## Melting Ice

0.100 kg of water at 89.0°C is poured into an insulated cup containing 0.460 kg of ice initially at 0°C. How many kg of liquid will there be when the system reaches thermal equilibrium?

**0.212 kg**## **Approach**

The amount of ice (0.460 kg) is significantly larger than the amount of water (0.100 kg) and also the latent heat of fusion for water is significantly larger than the heat required to raise the temperature of water per °C. Thus not all the ice will melt. The final amount of water that is in the cup is the amount of ice that has melted plus the original amount of water.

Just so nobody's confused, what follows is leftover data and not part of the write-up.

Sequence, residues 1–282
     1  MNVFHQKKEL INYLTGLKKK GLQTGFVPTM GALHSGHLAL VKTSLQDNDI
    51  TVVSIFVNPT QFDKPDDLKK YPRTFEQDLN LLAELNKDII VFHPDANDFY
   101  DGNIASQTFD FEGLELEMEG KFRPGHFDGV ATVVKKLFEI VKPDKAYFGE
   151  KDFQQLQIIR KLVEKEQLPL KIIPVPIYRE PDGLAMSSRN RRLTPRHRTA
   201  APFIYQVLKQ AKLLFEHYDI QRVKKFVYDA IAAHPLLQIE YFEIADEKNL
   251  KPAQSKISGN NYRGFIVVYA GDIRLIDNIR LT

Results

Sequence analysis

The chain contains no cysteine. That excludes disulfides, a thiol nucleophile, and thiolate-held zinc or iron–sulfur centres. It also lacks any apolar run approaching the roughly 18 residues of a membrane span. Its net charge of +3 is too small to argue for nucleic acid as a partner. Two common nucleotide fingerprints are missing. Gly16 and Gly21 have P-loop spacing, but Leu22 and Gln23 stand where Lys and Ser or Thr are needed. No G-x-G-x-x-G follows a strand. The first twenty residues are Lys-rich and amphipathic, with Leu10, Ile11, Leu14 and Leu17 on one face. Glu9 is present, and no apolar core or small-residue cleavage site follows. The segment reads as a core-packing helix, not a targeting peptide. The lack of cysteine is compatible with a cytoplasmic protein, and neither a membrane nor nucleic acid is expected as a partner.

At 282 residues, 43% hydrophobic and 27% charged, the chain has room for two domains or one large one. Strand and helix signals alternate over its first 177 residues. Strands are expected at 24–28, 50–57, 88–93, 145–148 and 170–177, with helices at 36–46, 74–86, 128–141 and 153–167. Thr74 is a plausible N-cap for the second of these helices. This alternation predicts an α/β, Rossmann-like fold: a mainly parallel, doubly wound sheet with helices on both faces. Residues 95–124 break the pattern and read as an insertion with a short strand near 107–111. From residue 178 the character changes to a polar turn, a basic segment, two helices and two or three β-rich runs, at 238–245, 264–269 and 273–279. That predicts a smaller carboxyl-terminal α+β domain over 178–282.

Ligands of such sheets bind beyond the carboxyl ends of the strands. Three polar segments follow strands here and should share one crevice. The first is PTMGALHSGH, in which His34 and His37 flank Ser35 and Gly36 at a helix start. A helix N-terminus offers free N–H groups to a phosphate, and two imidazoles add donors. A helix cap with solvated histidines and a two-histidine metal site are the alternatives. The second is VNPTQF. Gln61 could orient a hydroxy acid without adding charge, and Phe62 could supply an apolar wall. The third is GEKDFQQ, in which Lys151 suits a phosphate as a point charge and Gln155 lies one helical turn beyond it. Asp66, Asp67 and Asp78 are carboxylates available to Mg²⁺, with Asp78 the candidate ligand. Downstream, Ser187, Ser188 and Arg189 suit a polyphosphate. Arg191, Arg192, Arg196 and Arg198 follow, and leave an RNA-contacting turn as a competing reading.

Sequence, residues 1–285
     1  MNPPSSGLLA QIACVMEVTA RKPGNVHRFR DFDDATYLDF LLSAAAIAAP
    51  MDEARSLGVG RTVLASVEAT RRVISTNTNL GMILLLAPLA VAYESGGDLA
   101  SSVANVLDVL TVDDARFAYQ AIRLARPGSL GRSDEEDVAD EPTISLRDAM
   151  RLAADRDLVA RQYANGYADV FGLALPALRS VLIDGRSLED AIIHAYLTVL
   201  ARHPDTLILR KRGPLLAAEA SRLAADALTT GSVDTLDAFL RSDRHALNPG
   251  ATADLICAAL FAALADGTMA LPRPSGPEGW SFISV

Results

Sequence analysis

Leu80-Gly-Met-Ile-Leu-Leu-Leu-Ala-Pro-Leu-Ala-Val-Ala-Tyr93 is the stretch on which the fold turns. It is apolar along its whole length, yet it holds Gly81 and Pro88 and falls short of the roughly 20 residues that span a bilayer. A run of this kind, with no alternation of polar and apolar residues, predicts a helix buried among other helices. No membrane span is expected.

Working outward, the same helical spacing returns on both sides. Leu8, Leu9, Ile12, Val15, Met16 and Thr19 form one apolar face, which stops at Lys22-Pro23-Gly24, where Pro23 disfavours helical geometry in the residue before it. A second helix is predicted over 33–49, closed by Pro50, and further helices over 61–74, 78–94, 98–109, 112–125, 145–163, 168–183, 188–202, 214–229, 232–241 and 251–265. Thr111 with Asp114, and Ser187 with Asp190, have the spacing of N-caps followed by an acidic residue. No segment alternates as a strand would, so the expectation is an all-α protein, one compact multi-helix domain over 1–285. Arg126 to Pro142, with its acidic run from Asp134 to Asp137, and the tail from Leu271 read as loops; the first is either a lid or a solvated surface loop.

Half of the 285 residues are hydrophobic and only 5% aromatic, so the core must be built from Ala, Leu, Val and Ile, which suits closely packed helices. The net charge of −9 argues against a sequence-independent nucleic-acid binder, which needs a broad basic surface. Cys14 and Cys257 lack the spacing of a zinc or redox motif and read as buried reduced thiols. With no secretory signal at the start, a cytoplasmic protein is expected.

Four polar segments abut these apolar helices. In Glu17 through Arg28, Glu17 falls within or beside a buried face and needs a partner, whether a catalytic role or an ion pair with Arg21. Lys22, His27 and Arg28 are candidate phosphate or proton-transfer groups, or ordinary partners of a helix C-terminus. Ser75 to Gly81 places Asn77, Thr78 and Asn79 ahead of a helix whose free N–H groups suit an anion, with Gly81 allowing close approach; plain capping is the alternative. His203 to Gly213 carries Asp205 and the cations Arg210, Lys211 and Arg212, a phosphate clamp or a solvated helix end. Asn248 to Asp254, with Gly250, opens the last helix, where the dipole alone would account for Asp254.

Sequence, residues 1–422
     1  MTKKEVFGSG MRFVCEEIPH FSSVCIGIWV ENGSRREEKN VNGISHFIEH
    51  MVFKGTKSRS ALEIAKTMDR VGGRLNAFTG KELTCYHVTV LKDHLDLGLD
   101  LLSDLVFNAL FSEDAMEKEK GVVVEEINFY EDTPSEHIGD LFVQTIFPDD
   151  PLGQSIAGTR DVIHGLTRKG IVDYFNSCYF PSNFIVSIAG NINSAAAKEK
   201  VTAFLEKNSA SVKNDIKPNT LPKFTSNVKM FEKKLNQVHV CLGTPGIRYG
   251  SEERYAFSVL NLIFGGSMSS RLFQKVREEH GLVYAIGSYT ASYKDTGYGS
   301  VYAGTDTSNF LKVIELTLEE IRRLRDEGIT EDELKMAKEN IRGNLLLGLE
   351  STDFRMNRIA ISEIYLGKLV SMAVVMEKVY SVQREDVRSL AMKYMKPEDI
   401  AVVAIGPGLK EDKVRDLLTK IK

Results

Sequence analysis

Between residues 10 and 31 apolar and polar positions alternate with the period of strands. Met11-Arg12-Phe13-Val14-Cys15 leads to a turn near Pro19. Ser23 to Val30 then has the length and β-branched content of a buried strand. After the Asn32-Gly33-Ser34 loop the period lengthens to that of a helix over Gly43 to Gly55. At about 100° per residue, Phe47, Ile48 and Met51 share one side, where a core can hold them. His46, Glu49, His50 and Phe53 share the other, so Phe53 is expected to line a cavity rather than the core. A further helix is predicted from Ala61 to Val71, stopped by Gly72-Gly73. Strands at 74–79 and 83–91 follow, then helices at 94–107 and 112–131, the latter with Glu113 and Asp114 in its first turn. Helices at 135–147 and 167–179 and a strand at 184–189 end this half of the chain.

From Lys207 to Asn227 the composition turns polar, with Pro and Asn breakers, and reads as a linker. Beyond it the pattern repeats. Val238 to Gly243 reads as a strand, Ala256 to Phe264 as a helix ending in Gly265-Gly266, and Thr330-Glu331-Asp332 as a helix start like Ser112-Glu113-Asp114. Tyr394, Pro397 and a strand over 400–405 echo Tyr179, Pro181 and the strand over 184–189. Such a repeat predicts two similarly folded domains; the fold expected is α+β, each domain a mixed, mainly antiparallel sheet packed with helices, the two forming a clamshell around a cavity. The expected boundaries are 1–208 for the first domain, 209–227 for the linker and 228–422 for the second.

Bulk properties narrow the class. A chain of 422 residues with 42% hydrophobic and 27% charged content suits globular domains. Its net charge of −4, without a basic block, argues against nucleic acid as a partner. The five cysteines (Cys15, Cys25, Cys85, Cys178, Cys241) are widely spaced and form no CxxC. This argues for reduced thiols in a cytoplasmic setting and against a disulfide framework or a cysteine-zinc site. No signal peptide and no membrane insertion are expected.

**Solution**

Let m1 be the amount of ice that has melted. By the principle of energy conservation

miLf=mwater*cwater*dTemp

where the latent heat of fusion for water is Lf = 333 kJ/kg and specific heat of water, cwater = 4.186 kJ/(kg·K), and ΔT = 89 - 0 = 89°C. Putting in the numbers, the amount of ice that has melted is 0.1119 kg. The total amount of water is then 0.1119 + 0.1 kg = 0.212 kg.

miLf=mwater*cwater*dTemp

where the latent heat of fusion for water is Lf = 333 kJ/kg and specific heat of water, cwater = 4.186 kJ/(kg·K), and ΔT = 89 - 0 = 89°C. Putting in the numbers, the amount of ice that has melted is 0.1119 kg. The total amount of water is then 0.1119 + 0.1 kg = 0.212 kg.